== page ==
Read Book

OSHO Online Library   »   The Books   »   The Dhammapada: The Way of the Buddha, Vol. 2
« < 2 3 4 5 6 > »

Chapter 3: And Travel On

No old man or woman was allowed to enter the palaces where he lived - only young people. He gathered all the beautiful young women of the kingdom around him so he would remain allured, fascinated, so he would remain in dreams, desires. A sweet dreamworld was created for him. The gardeners were told that dead leaves had to be removed in the night; fading, withering flowers had to be removed in the night - because who knows? - seeing a dead leaf he might start asking about what has happened to this leaf, and the question of death may arise. Seeing a withering rose, petals falling, he might ask, “What has happened to this rose?” and he might start brooding, meditating, about death.

He was kept absolutely unaware of death for twenty-nine years. But how long can you avoid? Death is such an important phenomenon - how long can you deceive? Sooner or later he had to enter into the world. Now the king was getting very old and the son had to know the ways of the world, so slowly, slowly he was allowed, but whenever he would pass through any street of the capital, old men, old women, would be removed, beggars would be removed. No sannyasin was allowed to cross while he was passing, because seeing a sannyasin he might ask “What type of man is this? Why is he in orange? What has happened to him? Why does he look different, detached, distant? His eyes are different, his flavor is different, his presence has a different quality to it. What has happened to this man?” And then the question of renunciation, and fundamentally the question of death.. But one day, it had to happen. It can’t be avoided.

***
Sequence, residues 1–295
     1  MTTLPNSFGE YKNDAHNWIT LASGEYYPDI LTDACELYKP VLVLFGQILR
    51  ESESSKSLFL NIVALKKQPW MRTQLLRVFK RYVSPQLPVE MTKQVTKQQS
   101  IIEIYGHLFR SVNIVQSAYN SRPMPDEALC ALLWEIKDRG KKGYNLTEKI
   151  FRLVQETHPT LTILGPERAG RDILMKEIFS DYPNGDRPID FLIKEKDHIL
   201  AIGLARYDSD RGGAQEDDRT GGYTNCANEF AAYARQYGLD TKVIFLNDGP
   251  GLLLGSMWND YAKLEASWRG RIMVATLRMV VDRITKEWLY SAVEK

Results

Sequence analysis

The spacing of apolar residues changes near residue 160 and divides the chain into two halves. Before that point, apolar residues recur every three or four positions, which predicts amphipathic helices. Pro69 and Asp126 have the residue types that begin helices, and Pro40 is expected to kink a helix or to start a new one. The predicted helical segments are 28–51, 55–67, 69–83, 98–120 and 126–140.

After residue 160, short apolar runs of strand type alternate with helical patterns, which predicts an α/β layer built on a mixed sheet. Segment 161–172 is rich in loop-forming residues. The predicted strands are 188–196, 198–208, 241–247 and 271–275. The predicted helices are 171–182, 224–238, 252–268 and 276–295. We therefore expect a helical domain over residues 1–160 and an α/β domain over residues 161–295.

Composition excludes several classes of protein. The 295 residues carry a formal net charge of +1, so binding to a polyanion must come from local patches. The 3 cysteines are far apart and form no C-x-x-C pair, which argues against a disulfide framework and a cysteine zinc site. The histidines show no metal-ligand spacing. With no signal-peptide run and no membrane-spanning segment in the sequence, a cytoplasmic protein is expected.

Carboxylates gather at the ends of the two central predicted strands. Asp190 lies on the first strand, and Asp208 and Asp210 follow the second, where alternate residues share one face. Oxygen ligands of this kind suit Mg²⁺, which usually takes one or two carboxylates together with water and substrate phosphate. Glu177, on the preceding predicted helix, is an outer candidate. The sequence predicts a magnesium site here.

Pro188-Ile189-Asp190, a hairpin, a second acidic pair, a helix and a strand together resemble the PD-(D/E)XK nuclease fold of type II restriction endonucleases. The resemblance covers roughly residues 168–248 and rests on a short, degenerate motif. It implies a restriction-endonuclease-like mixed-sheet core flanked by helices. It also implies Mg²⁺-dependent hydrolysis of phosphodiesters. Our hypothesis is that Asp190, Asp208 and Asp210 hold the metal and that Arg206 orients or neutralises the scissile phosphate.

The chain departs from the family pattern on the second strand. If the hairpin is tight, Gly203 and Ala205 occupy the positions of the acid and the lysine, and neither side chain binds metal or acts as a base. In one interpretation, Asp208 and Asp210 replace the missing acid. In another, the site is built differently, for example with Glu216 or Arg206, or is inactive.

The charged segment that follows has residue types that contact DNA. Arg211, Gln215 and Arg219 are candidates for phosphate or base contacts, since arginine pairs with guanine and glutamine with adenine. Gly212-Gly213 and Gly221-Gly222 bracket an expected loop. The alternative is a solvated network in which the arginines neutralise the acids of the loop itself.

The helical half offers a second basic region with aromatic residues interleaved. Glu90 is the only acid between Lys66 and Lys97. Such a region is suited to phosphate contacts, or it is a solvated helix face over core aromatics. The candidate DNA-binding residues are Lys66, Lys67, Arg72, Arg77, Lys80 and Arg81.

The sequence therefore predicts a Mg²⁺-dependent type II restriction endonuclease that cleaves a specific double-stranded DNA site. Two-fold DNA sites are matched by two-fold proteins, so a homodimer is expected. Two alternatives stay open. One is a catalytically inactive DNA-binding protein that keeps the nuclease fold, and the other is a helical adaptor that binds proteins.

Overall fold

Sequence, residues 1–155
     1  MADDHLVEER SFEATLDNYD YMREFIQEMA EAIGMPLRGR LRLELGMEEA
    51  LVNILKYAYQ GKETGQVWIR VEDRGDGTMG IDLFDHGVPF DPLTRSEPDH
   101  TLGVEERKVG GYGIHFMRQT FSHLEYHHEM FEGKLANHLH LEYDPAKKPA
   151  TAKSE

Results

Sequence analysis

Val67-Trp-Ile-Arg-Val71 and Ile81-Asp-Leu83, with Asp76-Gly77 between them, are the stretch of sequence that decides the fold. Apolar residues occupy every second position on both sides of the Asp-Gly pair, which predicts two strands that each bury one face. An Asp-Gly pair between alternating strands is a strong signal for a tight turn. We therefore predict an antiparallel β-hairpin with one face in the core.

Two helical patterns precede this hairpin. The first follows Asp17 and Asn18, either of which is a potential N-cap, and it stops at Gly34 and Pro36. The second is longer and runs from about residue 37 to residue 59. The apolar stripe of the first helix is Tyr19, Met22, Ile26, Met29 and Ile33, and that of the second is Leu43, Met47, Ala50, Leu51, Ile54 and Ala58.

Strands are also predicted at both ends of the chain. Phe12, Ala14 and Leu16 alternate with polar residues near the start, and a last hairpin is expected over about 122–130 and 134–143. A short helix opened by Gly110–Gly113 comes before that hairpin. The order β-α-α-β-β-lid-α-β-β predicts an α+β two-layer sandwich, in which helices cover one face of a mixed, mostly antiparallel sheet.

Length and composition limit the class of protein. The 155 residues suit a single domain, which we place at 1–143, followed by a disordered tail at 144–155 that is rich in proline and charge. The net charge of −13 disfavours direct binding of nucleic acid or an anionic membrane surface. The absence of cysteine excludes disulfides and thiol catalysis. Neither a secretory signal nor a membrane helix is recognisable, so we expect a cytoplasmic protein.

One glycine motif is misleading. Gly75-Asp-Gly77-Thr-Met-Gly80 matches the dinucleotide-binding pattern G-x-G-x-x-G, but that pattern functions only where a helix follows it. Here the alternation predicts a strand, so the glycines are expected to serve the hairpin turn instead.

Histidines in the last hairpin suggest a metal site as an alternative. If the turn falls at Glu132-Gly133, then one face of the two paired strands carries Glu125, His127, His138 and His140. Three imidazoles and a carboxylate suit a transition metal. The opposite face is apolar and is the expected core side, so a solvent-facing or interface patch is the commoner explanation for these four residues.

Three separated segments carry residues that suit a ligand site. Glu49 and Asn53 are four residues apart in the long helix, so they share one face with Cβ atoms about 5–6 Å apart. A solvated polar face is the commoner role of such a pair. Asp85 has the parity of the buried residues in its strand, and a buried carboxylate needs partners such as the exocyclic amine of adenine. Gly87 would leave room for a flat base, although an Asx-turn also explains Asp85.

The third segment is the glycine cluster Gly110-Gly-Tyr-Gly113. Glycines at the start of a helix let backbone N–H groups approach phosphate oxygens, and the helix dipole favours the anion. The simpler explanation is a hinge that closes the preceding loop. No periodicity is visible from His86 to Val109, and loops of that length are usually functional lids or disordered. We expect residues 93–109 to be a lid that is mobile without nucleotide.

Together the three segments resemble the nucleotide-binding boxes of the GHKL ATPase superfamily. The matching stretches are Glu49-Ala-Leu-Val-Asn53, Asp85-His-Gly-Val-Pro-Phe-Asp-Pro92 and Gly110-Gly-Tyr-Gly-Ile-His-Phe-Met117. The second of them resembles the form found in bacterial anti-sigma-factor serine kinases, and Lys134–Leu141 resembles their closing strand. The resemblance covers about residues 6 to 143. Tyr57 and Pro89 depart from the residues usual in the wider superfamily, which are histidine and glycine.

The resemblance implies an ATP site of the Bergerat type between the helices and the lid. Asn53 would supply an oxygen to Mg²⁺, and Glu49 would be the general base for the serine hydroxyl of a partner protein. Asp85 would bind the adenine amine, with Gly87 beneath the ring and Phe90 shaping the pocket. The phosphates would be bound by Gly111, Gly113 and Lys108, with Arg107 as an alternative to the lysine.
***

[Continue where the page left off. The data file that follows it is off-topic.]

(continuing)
We are also doing the same. If somebody dies and the death procession is passing by, the mother pulls the child inside the house and closes the door.

The story is very significant, symbolic, typical. No parents want the children to know about death, because they will immediately start asking uncomfortable questions. That’s why we build the cemeteries outside the town, so that nobody need go there. Death is a central fact; the cemetery should be exactly in the middle of the city so everybody has to pass it many times in the day - going to the office, coming to the home, going to the school, college, coming to the home, going to the factory.so that one is reminded again and again about death. But we make the cemetery outside the town, and we make the cemetery very beautiful: flowers, trees. We try to hide death - particularly in the West, death is a taboo! Just as once sex was a taboo, now death is the taboo. Death is the last taboo.

Someone like Sigmund Freud is needed - a Sigmund Freud who can bring death back into the world, who can expose people to the phenomenon of death. When a person dies in the West, his body is decorated, bathed, perfumed, painted. Now there are experts who do this whole job. And if you see a dead man or a dead woman, you will be surprised - he looks far more alive than he ever looked when he was alive! Painted, his cheeks are red, his face bright; he seems to be fast asleep in a calm and quiet space.

We are deceiving ourselves! We are not deceiving him, he is no longer there. There is nobody, just a dead body, a corpse. But we are deceiving ourselves by painting his face, by garlanding his body, putting beautiful clothes on him, carrying his body in a costly car, and a great procession and much appreciation for the person who has died. He was never appreciated when he was alive, but now nobody criticizes him, everybody praises him.

« < 2 3 4 5 6 > »